The first Sinhalese arrived in Sri Lanka late in the 6th century B.C., probably from northern India. Buddhism was introduced circa 250 B.C., and the first kingdoms developed at the cities of Anuradhapura (from circa 200 B.C. to circa A.D. 1000) and Polonnaruwa (from about 1070 to 1200). In the 14th century, a south Indian dynasty established a Tamil kingdom in northern Sri Lanka. The Portuguese controlled the coastal areas of the island in the 16th century followed by the Dutch in the 17th century. The island was ceded to the British in 1796, became a crown colony in 1802, and was formally united under British rule by 1815. As Ceylon, it became independent in 1948; its name was changed to Sri Lanka in 1972. Prevailing tensions between the Sinhalese majority and Tamil separatists erupted into war in July 1983. Fighting between the government and Liberation Tigers of Tamil Eelam (LTTE) continued for over a quarter century. Although Norway brokered peace negotiations that led to a cease-fire in 2002, the fighting slowly resumed and was again in full force by 2006. The government defeated the LTTE in May 2009.
During the post-conflict years under then-President Mahinda RAJAPAKSA, the government initiated infrastructure development projects, many of which were financed by loans from China. His regime faced significant allegations of human rights violations and a shrinking democratic space for civil society. In 2015, a new coalition government headed by then-President Maithripala SIRISENA of the Sri Lanka Freedom Party and then-Prime Minister Ranil WICKREMESINGHE of the United National Party came to power with pledges to advance economic, governance, anti-corruption, reconciliation, justice, and accountability reforms. However, implementation of these reforms was uneven. In November 2019, Gotabaya RAJAPAKSA won the presidential election and appointed his brother, Mahinda, prime minister. Following Gotabaya RAJAPAKSA’s election, civil society raised concerns about his administration’s commitment to pursuing justice, human rights, and accountability reforms, as well as the risks to foreign creditors that Sri Lanka faces given its ongoing economic crisis. A combination of factors including the impact of the worldwide COVID pandemic; severe shortages of food, medicine, and fuel; and power outages triggered increasingly violent protests in Columbo beginning in March 2022. In May 2022, longtime parliamentarian and former five-time prime minister, Ranil WICKREMESINGHE replaced Mahinda RAJAPASKA as prime-minister and then in July 2022, Gotabaya RAJAPAKSA fled from office in response to protests, and parliament subsequently elected WICKREMESINGHE president. Later that month, WICKREMESINGHE appointed Dinesh GUNAWARDENA to replace him as prime minister.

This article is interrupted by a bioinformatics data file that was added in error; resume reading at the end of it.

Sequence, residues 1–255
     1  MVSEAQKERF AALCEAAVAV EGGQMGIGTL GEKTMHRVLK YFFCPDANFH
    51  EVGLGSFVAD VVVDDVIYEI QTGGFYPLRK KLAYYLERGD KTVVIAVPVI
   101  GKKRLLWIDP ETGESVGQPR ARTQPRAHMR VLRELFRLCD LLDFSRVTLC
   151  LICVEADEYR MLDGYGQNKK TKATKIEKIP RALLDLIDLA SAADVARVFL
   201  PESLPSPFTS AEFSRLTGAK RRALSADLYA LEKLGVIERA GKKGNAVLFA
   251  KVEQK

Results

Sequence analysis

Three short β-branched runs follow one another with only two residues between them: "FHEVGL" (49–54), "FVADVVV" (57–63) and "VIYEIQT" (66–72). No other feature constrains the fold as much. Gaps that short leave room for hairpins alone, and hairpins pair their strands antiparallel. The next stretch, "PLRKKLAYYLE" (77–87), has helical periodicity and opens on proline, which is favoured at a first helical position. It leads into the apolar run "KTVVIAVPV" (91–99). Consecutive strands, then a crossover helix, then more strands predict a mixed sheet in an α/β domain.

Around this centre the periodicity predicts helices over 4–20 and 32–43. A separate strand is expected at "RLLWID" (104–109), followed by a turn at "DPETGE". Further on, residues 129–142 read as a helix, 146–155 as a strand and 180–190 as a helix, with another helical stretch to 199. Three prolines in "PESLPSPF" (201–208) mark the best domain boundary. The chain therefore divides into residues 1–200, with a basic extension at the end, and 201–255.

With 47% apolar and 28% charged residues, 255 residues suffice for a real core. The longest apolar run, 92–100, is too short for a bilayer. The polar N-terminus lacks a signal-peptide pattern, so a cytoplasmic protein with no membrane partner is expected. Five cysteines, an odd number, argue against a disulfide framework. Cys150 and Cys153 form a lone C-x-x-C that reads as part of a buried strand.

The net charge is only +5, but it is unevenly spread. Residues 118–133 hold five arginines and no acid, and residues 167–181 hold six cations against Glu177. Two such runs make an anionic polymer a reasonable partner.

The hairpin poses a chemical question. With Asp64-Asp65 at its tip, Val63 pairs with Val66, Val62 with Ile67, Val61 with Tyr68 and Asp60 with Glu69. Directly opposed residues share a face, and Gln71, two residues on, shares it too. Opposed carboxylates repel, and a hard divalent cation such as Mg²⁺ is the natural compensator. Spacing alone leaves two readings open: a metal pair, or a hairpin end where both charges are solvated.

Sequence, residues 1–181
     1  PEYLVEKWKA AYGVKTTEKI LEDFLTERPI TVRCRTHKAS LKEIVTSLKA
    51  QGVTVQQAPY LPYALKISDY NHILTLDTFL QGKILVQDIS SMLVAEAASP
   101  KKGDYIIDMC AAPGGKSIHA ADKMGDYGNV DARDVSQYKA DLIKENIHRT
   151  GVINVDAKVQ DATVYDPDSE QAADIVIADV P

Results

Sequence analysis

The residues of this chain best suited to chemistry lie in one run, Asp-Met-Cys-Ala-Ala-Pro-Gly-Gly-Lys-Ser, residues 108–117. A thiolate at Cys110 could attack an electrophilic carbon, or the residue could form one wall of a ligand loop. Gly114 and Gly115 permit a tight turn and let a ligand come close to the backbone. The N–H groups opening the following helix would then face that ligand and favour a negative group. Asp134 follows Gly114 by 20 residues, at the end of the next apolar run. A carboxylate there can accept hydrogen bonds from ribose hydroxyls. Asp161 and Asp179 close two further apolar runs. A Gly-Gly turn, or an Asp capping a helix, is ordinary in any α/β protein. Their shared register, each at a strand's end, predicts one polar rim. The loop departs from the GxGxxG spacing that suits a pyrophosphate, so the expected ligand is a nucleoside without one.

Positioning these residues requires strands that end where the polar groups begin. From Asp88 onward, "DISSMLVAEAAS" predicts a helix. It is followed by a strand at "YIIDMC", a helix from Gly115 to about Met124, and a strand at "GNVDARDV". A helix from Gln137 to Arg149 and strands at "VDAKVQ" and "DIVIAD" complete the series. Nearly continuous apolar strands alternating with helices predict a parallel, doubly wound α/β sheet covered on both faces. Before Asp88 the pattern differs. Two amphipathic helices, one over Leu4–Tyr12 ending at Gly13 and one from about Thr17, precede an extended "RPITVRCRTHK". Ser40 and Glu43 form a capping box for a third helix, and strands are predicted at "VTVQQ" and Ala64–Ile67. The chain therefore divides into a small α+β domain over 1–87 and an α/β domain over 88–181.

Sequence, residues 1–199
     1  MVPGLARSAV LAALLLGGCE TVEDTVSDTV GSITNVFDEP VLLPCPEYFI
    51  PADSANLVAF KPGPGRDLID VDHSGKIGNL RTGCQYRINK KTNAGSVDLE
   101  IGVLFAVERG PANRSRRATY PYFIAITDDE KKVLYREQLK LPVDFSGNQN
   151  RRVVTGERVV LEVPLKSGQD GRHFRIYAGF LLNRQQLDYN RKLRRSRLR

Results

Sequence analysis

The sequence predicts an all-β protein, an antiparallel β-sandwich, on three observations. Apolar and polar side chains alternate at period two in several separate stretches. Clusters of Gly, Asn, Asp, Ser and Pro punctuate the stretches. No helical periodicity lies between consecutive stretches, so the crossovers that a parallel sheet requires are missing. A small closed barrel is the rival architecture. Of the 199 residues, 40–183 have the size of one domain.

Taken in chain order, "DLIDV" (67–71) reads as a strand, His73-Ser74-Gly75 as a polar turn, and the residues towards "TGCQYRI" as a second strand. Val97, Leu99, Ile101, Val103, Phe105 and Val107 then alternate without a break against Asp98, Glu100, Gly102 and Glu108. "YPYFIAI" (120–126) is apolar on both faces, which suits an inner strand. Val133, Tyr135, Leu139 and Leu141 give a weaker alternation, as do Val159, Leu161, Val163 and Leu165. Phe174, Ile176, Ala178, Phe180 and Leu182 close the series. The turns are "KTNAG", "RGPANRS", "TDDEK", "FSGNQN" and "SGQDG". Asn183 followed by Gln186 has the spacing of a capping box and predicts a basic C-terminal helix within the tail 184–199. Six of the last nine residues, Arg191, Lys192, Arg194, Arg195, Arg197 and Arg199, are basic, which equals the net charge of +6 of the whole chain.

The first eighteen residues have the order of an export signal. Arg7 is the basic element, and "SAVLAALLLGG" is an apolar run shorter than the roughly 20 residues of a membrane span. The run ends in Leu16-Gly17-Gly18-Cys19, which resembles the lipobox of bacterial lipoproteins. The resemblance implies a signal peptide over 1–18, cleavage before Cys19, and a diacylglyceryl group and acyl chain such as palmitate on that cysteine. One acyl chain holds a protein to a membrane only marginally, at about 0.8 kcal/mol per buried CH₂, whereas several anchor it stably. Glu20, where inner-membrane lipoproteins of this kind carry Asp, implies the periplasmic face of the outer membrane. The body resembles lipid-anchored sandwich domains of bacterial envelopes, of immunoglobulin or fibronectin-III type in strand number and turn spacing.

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NOTE: The information regarding Sri Lanka on this page is re-published from the 2023 World Fact Book of the United States Central Intelligence Agency and other sources. No claims are made regarding the accuracy of Sri Lanka 2023 information contained here. All suggestions for corrections of any errors about Sri Lanka 2023 should be addressed to the CIA or the source cited on each page.
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